Entitlement/Ability to vote?

Tender Face

Account Closed
Mar 14, 2006
NW England
Just wading thru paperwork .... mum gets little delivered to her since I registered EPA but have brought away the 'Voter Registration Form' issued by the local City Council delivered to 'The Occupier' at her address.

Local council (and everybody I else I could think of) have been informed of CoP registered EPA - but this seems to be a 'separate issue'. It doesn't seem to quite fit in 'financial'?????

Is she actually still entitled to vote? If I have effectively declared her 'mentally incapable' of making rational decisions and exercising her own affairs, how does she stand with being issued a ballot paper?

Mum has always been passionate about people 'not wasting' votes - always had a bit of 'suffragette' about her! :rolleyes: (Wonder where I get it from? ;) ) I'd love to think she could still exercise her vote for years yet - but I'm not even confident she could follow instructions now to put an 'X' in a box - and heaven help me if she ever realised later she had voted for the wrong person/party!!!!!!

Thanks, Karen, x


Registered User
Aug 20, 2006
There doesn't seem to be any information about this. In the United States someone can be declared mentally incompetent, but only in a Court presided over by a Superior Judge, and thus lose the right to vote.

The Electoral Commission's FAQ merely states that persons may register to vote unless they are subject to legal restrictions. The larger FAQ, which may be found at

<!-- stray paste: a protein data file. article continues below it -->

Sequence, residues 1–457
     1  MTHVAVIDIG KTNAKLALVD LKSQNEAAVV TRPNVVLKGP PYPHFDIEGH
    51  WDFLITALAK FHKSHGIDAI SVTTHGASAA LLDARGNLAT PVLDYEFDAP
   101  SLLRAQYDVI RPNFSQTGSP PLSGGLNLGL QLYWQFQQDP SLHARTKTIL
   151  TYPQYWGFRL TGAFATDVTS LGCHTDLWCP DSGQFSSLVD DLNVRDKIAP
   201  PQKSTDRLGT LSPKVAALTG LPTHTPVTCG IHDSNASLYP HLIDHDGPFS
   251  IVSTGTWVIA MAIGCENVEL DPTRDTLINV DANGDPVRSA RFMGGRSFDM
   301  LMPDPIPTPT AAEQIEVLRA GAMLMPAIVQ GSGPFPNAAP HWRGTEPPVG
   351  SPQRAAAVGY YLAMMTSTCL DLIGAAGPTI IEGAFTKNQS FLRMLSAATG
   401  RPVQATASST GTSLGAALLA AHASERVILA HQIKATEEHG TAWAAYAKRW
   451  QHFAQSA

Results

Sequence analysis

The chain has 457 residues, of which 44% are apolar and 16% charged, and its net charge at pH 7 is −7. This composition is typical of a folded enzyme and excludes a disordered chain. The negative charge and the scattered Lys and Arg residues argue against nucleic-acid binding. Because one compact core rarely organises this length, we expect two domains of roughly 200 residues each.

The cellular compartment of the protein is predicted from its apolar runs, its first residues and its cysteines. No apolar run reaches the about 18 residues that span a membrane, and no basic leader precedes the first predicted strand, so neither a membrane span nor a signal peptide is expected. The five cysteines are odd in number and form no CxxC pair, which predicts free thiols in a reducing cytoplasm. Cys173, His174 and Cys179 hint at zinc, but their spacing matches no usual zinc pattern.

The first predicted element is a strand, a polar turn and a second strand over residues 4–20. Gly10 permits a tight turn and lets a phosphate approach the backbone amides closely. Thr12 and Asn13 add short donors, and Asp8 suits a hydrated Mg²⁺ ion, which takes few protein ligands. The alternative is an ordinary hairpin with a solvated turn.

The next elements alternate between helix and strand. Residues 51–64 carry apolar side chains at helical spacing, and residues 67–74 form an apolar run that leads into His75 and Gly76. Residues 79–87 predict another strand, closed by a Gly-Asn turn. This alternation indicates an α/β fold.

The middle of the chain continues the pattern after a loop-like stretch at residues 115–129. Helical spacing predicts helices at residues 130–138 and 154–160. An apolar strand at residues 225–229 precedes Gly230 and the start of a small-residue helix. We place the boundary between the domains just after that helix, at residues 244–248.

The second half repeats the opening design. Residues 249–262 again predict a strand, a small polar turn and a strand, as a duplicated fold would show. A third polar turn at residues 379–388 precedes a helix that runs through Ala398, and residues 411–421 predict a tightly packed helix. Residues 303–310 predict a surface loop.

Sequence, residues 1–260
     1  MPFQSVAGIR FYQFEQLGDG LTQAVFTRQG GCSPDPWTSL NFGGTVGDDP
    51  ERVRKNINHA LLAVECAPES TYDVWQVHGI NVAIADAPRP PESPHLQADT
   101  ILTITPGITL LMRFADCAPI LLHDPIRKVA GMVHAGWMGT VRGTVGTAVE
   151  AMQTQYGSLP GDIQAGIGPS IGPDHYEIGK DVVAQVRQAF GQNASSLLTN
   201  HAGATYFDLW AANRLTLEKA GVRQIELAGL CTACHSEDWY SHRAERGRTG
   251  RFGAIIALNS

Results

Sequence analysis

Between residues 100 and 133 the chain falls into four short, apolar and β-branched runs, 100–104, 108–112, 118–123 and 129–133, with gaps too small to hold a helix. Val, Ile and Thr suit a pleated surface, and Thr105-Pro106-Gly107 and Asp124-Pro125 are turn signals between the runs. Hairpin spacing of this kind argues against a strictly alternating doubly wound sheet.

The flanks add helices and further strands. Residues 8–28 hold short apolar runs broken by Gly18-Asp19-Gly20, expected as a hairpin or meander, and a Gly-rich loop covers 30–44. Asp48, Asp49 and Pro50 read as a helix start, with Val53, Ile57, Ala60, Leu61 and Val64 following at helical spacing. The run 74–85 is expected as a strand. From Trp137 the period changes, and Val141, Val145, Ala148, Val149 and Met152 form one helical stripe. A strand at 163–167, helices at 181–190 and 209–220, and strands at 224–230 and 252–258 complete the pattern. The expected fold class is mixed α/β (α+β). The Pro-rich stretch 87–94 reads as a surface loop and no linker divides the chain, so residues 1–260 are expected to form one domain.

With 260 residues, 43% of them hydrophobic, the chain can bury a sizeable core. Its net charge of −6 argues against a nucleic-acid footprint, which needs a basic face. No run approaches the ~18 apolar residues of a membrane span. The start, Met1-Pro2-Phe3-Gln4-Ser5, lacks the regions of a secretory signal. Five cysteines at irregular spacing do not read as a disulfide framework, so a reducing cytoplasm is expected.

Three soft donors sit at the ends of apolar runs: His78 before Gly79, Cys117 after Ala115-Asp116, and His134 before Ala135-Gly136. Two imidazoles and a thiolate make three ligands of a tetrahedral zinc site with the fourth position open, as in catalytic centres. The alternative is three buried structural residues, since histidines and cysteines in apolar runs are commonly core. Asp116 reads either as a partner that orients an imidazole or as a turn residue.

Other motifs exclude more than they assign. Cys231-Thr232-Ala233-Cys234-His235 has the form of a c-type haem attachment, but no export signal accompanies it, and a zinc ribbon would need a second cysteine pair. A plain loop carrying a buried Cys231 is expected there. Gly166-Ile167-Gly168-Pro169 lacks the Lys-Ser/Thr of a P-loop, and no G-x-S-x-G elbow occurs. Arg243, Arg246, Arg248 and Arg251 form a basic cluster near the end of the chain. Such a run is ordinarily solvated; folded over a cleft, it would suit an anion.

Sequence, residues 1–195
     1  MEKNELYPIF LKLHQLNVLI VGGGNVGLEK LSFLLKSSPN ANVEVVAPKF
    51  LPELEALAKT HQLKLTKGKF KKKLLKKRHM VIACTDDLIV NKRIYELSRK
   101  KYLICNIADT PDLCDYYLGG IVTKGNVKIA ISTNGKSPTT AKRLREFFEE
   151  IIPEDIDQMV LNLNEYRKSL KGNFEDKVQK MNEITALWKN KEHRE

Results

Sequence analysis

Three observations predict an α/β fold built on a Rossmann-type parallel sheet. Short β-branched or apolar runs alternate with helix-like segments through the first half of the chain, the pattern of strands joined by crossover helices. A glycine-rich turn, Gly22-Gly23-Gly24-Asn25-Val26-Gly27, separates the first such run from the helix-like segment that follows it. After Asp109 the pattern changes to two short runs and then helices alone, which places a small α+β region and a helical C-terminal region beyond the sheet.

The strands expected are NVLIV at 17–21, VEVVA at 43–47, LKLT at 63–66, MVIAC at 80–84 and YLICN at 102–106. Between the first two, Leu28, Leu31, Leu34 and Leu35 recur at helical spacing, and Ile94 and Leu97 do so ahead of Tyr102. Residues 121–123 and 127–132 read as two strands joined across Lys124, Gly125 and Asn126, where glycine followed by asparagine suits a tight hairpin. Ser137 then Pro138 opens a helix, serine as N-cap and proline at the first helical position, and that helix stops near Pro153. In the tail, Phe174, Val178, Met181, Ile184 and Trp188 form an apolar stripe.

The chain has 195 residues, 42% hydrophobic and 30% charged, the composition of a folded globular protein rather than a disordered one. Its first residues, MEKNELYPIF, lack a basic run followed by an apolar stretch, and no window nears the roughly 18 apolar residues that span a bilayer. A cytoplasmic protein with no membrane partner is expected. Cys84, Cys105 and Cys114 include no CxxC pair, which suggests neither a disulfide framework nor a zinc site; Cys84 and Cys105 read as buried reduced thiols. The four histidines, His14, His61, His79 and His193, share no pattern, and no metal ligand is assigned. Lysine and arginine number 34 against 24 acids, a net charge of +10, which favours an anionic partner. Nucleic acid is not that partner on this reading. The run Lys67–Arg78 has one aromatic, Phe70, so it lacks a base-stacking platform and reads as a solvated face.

(It is a PDF so you will need Acrobat to read it)

states that "persons in mental hospitals can register to vote, unless they have been detained under some provisions of the Mental Health Act 1983, or have been convicted of murder".

I can only suggest that you contact your local council, who manage the electoral register. They should be able to tell you.

Not sure about EPA here, which is mostly about financial affairs.


Registered User
Aug 29, 2006
SW Scotland
Karen, if you know your mum would want to vote, why not register her for postal voting? That way you could supervise her 'cross'.

I did this for us as soon as it became possible, and I register John's vote for the party he has always voted for.

Don't know if it's legal or not, but I'm prepared to be challenged!


Registered User
Mar 7, 2004
Agreed Sylvia.

Registered myself & Lionel for postal votes 5 years ago. Obviously now he is totally incapable I have cancelled this.

It would be something to think about Karen.


Registered User
Aug 9, 2005
At our recent State elections I asked the NH what plans they had for residents to vote. They looked at me blankly and said "our residents won't want to vote!". Not so my Mum! So we organised a postal vote for her. It worked out well. When she no longer realises there is an election coming up, I will just let it go. There will be a Federal election later this year and I suspect this will be Mum's last time of voting. But, who can tell . . . . . ???

Tender Face

Account Closed
Mar 14, 2006
NW England
Nell said:
Not so my Mum!
:) There are clearly some people who are peas out of the same pod!!!!!

Thanks everyone .... am going to ring the council tomorrow and arrange postal voting - even if that means all papers have to go to mum's address.

At least if she manages to destroy or hide the ballot papers before I get to them it will be HER fault she has wasted her vote and not mine .....

... although I have a strange feeling she wouldn't see it that way ...... :D

I can but try ......

Thanks again, Love, K, x